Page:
Do You Have Debate Deficit or Decision Deficit – Or Both?

Many teams are very good at identifying and setting aside time to discuss and debate, and to make critical decisions about a big challenge or a big opportunity. And some aren’t.

We generally see two different themes in companies, depending on their culture:

  • A debate deficit when they don’t take the time to debate issues and they build up, over time, like clutter in a garage
  • A decision deficit when they often discuss and debate but can’t come to decisive conclusions.

Both can result in wasted time, compounded and cross-contaminated problems and missed opportunities.

While decision-making isn’t always simple, it is so much easier with preparation and scheduled, structured discussions. Here’s what we’ve seen work well:

  1. Make the time

Carve out 30 to 60 minutes to leverage the collective intelligence of key people, in weekly, monthly, quarterly or additional project meetings.

  1. Define the question

Be very clear on what needs to be decided.

Determine who is responsible for the decision and who needs to participate in the debate.

  1. Prepare the information

Provide background and context:

  • Data to back up the issue/obstacle
  • Why it’s important: The impact, economic and otherwise, on the business (or parts of the business) and customers
  • The probability of success
  • Risks, dependency, timing and the needed investment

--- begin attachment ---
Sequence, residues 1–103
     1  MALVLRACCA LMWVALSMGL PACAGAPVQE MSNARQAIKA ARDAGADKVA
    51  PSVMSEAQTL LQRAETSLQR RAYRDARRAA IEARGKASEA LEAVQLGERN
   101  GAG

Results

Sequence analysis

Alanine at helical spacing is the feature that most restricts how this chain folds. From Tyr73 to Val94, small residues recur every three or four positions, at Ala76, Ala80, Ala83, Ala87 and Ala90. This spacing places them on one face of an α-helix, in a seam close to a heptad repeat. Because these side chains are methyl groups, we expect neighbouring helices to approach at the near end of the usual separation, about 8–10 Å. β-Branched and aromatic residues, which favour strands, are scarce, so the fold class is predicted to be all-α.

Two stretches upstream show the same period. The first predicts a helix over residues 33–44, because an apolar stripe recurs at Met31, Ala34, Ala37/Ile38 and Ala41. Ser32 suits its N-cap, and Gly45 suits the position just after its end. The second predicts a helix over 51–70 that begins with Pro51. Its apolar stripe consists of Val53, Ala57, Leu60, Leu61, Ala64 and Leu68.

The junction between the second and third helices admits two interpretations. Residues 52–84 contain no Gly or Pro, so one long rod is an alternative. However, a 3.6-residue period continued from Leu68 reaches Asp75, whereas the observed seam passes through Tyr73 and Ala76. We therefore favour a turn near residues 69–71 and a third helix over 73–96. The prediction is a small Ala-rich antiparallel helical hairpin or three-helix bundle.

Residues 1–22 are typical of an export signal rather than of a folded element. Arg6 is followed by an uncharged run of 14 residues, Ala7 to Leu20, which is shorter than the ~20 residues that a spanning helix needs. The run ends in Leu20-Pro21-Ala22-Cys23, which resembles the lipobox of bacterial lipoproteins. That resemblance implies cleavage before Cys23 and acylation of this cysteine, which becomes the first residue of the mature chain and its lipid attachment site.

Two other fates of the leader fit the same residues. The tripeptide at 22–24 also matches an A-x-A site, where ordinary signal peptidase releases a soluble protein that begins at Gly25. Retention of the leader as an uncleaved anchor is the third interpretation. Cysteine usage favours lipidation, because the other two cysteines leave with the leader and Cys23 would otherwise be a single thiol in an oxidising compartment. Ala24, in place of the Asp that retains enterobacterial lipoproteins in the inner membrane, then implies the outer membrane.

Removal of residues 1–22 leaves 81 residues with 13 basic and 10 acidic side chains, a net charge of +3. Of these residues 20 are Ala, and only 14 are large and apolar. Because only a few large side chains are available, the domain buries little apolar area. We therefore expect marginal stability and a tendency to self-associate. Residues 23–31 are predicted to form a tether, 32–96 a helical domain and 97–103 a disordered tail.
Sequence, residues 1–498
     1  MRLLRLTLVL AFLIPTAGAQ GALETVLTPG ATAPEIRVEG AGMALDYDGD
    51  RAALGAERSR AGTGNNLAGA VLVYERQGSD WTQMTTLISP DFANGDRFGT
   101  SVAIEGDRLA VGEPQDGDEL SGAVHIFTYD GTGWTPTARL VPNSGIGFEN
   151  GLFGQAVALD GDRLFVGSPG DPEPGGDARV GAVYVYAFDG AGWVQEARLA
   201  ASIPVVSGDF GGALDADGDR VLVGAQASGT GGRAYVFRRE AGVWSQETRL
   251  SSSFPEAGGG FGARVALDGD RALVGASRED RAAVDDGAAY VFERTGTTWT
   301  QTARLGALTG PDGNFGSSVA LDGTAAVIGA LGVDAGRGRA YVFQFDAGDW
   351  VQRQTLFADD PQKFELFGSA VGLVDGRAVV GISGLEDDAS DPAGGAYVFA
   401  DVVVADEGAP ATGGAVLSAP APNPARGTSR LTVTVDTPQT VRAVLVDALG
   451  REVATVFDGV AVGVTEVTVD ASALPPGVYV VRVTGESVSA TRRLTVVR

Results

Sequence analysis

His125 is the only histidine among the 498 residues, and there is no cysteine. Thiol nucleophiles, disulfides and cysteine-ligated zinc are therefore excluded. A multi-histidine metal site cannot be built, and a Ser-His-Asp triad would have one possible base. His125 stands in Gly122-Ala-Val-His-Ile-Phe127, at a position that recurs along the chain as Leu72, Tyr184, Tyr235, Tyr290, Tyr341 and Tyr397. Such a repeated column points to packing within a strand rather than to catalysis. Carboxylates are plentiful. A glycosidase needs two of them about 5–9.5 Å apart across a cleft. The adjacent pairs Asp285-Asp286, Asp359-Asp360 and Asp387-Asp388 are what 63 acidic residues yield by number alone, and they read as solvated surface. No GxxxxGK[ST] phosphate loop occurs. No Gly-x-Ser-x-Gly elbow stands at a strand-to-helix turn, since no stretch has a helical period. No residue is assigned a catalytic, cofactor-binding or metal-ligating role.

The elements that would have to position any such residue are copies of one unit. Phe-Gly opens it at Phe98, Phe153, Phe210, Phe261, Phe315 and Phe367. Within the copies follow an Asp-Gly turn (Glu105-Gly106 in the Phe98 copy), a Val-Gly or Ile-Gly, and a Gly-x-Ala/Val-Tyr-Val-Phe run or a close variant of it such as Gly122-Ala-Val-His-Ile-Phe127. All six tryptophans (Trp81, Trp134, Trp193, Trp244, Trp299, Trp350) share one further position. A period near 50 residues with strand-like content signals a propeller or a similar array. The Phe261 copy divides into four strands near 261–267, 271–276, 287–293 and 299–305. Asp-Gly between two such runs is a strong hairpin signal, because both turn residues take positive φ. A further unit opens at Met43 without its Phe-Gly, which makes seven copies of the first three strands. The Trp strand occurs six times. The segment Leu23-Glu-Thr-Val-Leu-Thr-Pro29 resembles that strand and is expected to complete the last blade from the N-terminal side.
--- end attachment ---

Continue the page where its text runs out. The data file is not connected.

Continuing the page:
• Potential risks: legal, financial, disruptions.

Anticipate questions that will be asked and ask your leader for help, in advance.

Information can be in a PowerPoint, a one- or two-page document or spreadsheet. Whatever form you take, the information must be clear, disciplined and enable a structured conversation.

  1. 20% data, 80% discussion

Ask one person to present the context and data in 20% of the time, then ask the smart brains in the room to discuss and debate for the other 80%.

Alternatively, ask the group to read the data in advance and then get right into the discussion, or give people five or ten minutes to read it in the meeting to make sure everyone’s up speed.

  1. Make the decision

‘Call the question’ (Robert’s Rules of Order): Ask for a decision to move ahead.

When everyone agrees, and you can make the decision, and move forward.

When everyone doesn’t agree, you often need to employ the strategy of ‘agree to disagree’, for the greater good. Those who don’t agree will stay silent and be supportive of the decision, to move forward.

And sometimes, more data, discussion or debate may be necessary.

Document the decision that was made and inform all relevant people, outlining next steps.


  • Use timers to avoid time overruns.
  • Make sure all and just the critical people are in the room.
  • Follow rules for debate.
  • Use a facilitator when necessary.

The Challenge

  • What are the top three decisions that you need to make?
  • What structure do you have to put in place to get them made quickly?

Want to hear more? Listen to Episode 121 of The Growth Whisperers.

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